A note on the theory and measurement of trust in explaining differences in economic growth
This paper takes issue with the trend to attribute differences in economic growth rates to differences in interpersonal trust. I discuss the World Values Survey (WVS) measure that is used to operationalise trust at the macro level. I hypothesise that there is a mismatch between the theoretical argument and the empirical operationalisation of trust. Instead of measuring trust, the WVS measure may instead proxy the well-functioning of institutions. I provide circumstantial evidence for this thesis by a principal components analysis of trust and institutions and a robustness test of Zak and Knack's (2001. Trust and growth, Economic Journal, vol. 111, 295--321) seminal study on trust and economic growth. Copyright 2006, Oxford University Press.
If you experience problems downloading a file, check if you have the proper application to view it first. In case of further problems read the IDEAS help page. Note that these files are not on the IDEAS site. Please be patient as the files may be large.
As the access to this document is restricted, you may want to look for a different version under "Related research" (further below) or search for a different version of it.
Volume (Year): 30 (2006)
Issue (Month): 3 (May)
|Contact details of provider:|| Postal: |
Fax: 01865 267 985
Web page: http://www.cje.oupjournals.org/
|Order Information:||Web: http://www.oup.co.uk/journals|
When requesting a correction, please mention this item's handle: RePEc:oup:cambje:v:30:y:2006:i:3:p:371-387. See general information about how to correct material in RePEc.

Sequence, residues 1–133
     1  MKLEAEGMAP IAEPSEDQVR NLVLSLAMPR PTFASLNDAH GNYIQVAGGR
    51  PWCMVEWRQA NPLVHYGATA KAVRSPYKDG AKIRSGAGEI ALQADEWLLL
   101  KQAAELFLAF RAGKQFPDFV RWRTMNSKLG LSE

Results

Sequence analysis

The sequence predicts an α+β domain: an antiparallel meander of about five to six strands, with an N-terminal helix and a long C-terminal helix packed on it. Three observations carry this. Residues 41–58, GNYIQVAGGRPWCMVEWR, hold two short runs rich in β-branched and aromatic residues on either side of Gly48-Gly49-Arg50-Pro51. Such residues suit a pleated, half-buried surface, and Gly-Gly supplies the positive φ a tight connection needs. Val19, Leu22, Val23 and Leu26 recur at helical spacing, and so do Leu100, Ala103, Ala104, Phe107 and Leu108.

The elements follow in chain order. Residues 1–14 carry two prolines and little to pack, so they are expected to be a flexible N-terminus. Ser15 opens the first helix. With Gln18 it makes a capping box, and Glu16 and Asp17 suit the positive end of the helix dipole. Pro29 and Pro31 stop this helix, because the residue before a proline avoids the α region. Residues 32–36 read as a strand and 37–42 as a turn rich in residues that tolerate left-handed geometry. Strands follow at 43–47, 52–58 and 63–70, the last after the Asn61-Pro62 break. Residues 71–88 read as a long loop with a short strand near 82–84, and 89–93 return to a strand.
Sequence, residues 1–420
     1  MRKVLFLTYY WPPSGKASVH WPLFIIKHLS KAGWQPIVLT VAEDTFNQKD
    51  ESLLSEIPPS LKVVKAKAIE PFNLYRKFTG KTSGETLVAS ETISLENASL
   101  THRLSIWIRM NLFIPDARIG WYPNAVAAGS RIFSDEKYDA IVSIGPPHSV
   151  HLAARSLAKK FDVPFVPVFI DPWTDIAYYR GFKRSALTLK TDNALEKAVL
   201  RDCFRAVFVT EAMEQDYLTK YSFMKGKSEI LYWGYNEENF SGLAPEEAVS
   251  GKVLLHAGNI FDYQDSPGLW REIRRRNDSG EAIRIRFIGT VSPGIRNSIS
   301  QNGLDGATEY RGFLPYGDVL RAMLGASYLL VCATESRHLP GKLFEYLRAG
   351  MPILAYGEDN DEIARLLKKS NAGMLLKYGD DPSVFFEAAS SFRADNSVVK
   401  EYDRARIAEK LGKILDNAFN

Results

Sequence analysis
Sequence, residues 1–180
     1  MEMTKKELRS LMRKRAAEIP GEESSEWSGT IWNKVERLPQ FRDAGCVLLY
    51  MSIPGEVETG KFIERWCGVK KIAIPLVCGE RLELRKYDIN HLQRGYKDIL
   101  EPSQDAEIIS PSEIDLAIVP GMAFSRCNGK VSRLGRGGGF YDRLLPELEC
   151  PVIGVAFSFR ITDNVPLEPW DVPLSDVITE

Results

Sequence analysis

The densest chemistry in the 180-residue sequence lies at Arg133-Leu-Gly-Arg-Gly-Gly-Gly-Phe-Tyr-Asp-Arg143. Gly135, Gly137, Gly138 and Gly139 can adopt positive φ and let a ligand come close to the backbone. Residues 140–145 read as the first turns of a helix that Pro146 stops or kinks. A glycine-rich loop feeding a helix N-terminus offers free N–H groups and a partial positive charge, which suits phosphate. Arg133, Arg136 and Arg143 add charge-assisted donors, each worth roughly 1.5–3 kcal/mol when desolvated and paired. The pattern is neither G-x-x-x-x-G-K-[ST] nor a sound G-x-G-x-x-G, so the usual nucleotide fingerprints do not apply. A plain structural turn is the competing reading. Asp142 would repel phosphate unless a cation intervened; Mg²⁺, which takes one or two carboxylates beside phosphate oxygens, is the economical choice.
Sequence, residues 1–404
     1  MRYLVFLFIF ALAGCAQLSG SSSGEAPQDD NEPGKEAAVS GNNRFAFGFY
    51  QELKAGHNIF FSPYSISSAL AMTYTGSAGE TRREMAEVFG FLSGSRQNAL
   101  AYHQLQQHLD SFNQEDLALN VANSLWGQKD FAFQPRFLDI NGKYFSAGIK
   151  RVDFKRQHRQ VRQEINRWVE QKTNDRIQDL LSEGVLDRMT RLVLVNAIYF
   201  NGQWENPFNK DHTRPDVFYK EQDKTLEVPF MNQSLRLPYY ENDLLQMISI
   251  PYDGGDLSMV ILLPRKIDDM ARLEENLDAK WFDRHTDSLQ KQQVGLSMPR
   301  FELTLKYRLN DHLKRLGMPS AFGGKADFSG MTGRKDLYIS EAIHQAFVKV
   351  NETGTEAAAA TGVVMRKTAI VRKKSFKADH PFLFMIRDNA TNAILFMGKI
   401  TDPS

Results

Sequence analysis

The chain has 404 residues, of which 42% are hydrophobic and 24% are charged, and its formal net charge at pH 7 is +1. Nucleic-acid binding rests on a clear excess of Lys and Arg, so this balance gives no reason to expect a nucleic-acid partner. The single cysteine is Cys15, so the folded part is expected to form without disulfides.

For technical questions regarding this item, or to correct its authors, title, abstract, bibliographic or download information, contact: (Oxford University Press)or (Christopher F. Baum)
If you have authored this item and are not yet registered with RePEc, we encourage you to do it here. This allows to link your profile to this item. It also allows you to accept potential citations to this item that we are uncertain about.
If references are entirely missing, you can add them using this form.
If the full references list an item that is present in RePEc, but the system did not link to it, you can help with this form.
If you know of missing items citing this one, you can help us creating those links by adding the relevant references in the same way as above, for each refering item. If you are a registered author of this item, you may also want to check the "citations" tab in your profile, as there may be some citations waiting for confirmation.
Please note that corrections may take a couple of weeks to filter through the various RePEc services.